PF: Mason Plumlee - 6'10, 240 - 3rd NBA season
GP
PPG
PER
USG%
TS%
TRB%
ORB%
DRB%
FT%
FTr
BLK/36
82
8.7
18.0
19.2%
57.0%
16.5%
11.3%
21.6%
49.5%
.648
1.3

I would say that if things go as planned, this spot will be manned by Noah Vonleh by the end of the year.  Until then, Plumlee makes for a bit of an awkward fit at the 4 due to his lack of range.  That would be more of a problem if Leonard couldn't help stretch the floor though.  To this point in his career, 76% of Plumlee's FGA have come within 3 feet of the basket.  While he certainly isn't a new-era stretch four, Plumlee played some PF (about 25% of his minutes) in Brooklyn, and should be fine here if Leonard, Lillard and Henderson can keep the defense honest.  I would feel better about Plumlee manning the PF spot if Aminu were swapped out with a strong outside shooter, but this is what it is.  Plumlee's a solid basketball player and should have another productive, efficient season.  I imagine that he'll also shoulder some minutes as the nominal backup C if/when Chris Kaman is traded.  Regardless of all of the factors, Plumlee looks to have the unenviable position  of taking over the starting PF spot from LaMarcus Aldridge. 

C: Meyers Leonard - 7'1, 245 - 4th NBA season
GP
PPG
PER
USG%
TS%
3P%
3PAr
FT%
FTr
TRB%
AST%
55
5.9
14.8
15.8%
63.1%
42.0%
.457
93.8%
.131
15.8%
5.8%

Leonard's never going to be a star, but the Blazers may have their C of the future, which makes me think that of the four starters from last year who departed, Portland will miss Robin Lopez the least.  Leonard's 1.32 PPP as the roll-man in a PnR last season was only topped by four players last season, with a minimum of 59 possessions.  Those four were Dwight Howard, DeAndre Jordan, Hassan Whiteside and Tyson Chandler.  On top of knocking down 42% of his three point attempts, Leonard shot 58.6% within three feet of the rim.  That's a good formula for giving teams a hard time defending you in the pick-and-roll.  Expect Lillard and Leonard to run plenty of basketball's simplest play this season.  Leonard may be the second option on offense this year, and stands to see his Usage Rate bump into the 20s.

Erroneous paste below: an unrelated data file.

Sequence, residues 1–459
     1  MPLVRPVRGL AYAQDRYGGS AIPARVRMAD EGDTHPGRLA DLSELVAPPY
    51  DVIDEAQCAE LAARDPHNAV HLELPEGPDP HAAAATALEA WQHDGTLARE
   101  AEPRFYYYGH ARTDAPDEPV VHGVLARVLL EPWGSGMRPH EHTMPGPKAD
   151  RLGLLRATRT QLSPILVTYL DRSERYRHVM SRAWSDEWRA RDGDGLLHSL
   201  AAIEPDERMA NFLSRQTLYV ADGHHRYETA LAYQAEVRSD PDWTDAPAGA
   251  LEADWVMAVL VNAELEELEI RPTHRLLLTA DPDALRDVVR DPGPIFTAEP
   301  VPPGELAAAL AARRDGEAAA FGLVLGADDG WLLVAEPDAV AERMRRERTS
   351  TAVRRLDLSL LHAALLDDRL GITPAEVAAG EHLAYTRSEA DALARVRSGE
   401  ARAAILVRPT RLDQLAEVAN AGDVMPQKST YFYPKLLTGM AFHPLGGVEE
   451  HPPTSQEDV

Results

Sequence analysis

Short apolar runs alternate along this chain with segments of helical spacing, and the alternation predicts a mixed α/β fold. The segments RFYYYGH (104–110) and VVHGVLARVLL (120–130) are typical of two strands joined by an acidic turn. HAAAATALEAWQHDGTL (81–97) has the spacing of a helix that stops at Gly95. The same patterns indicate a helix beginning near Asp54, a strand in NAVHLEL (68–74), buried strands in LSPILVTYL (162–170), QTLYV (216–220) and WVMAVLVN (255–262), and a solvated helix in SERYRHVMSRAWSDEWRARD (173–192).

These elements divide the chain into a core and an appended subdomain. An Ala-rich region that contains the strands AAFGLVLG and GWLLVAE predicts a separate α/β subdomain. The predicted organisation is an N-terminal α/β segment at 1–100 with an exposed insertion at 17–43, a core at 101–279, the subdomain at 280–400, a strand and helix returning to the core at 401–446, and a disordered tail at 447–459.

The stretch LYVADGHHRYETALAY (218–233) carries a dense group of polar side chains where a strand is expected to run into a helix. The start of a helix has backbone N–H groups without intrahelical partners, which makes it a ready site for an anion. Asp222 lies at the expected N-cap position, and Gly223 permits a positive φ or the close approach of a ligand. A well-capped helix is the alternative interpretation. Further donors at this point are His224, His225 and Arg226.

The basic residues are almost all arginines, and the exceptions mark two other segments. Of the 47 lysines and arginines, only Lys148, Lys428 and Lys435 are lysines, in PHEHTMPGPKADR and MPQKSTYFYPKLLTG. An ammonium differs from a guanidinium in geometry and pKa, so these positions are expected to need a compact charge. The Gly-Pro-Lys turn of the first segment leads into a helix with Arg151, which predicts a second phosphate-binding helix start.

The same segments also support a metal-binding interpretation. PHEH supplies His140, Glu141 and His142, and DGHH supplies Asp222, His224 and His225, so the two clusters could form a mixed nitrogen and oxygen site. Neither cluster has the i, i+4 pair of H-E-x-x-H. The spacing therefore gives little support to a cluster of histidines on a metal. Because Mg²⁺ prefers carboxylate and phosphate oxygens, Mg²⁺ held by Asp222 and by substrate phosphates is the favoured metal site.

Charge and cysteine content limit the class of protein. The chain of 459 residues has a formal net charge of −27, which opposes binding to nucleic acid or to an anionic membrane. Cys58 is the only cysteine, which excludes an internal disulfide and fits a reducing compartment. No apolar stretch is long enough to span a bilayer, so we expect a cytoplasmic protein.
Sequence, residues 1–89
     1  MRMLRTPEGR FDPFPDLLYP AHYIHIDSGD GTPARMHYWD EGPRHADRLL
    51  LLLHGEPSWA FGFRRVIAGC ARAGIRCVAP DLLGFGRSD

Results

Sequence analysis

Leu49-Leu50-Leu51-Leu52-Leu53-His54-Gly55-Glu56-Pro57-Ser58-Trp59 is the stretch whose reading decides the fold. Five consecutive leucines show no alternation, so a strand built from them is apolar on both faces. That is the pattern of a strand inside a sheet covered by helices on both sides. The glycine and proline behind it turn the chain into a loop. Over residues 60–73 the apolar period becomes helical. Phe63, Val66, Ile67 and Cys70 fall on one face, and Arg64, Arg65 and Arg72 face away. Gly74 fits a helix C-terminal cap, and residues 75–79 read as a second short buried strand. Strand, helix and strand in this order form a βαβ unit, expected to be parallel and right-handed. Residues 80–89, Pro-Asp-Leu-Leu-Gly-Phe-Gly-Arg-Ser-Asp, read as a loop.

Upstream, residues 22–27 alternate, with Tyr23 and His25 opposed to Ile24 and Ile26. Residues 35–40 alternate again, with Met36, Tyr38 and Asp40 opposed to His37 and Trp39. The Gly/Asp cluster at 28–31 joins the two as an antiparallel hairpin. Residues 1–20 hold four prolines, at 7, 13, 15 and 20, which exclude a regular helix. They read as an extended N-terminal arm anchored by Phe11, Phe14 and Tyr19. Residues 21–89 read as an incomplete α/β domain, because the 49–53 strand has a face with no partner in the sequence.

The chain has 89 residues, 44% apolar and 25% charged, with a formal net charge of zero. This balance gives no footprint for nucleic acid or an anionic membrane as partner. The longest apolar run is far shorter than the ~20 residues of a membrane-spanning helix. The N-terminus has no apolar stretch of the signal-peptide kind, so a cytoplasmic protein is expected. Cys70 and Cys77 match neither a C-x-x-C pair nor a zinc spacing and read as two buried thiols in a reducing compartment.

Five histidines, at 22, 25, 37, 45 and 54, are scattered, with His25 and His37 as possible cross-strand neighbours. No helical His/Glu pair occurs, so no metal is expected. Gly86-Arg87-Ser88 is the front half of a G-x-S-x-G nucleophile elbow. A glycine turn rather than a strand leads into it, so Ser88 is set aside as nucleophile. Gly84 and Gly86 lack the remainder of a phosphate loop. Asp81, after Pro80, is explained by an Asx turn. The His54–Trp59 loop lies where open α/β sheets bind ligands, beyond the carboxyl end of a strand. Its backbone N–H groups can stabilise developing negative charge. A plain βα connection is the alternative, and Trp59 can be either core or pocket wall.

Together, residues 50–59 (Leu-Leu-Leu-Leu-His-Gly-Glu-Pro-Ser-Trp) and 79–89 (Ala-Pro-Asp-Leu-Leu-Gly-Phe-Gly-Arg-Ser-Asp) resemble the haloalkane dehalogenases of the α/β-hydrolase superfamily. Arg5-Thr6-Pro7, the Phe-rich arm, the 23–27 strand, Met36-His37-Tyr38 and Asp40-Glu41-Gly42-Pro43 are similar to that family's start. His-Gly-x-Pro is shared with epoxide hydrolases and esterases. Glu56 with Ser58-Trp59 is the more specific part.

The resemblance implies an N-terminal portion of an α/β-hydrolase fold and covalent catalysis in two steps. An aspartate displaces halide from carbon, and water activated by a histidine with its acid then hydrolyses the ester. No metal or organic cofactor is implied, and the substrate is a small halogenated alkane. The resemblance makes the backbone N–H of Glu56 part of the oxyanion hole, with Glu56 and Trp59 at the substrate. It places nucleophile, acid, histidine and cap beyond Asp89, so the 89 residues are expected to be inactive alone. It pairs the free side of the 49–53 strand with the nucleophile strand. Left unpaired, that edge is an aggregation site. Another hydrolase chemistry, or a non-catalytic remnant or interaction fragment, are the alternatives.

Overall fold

Bench

PG: Tim Frazier - 6'1, 170 - 2nd NBA season
GP
PPG
PER
USG%
TS%
3P%
3PAr
FT%
FTr
AST%
TOV%
11
5.2
8.1
17.5%
40.6%
29.4%
.279
47.6%
.344
39.4%
26.2%

Frazier played pretty well for the Blazers in what equated to a five game tryout at the end of the 2014-15 season, including a 13-point, 10-assist showing against the Mavericks.  He'll likely have the first crack at filling the hole left by trading Steve Blake.  Pressey could challenge him for minutes if he struggles, but that's not a desirable scenario.

PG: Phil Pressey - 5'11, 175 - 3rd NBA season
GP
PPG
PER
USG%
TS%
3P%
3PAr
FT%
FTr
AST%
TOV%
50
3.5
11.8
17.3%
45.3%
25.6%
.374
67.3%
.282
28.0%
17.3%

He's okay as your third PG, I guess.  He'll never be a serviceable NBA guard until he learns how to shoot the ball though.  At his size, he gets to the FT line well, but that doesn't make up for shooting a high frequency of three pointers at an abysmal rate.  The backup PG spot is an issue on this Blazers team.

G: CJ McCollum - 6'4, 200 - 3rd NBA season
GP
PPG
PER
USG%
TS%
3P%
3PAr
FT%
FTr
AST%
TOV%
62
6.8
13.1
20.5%
53.4%
39.6%
.381
69.9%
.200
10.3%
10.8%

McCollum made small statistical improvements in just about every area last season after an underwhelming rookie campaign.  He upped his shooting efficiency inside and outside the arc, got to the FT line more frequently, increased his Assist Rate and cut down on his Turnover Rate.  He'll have his sights on taking the starting SG spot from Gerald Henderson, which would be welcomed by the Blazers' brass if he earns it.  In order to truly stake claim to a starting spot, McCollum needs to continue to whittle away the mid-range game that composed 40.6% of his FGA last season.

SG: Pat Connaughton - 6'5, 210 - Rookie
GP
PPG
RPG
APG
FG%
3P%
FT%
38
12.5
7.4
1.5
46.6%
42.3%
78.1%

Connaughton should bounce back and forth between Portland and the D-League as the Blazers pick and choose spots to get minutes for the rookie.  Most first-year players struggle to shoot the ball, and if that's the case with Connaughton, he may not have much to offer in his year one.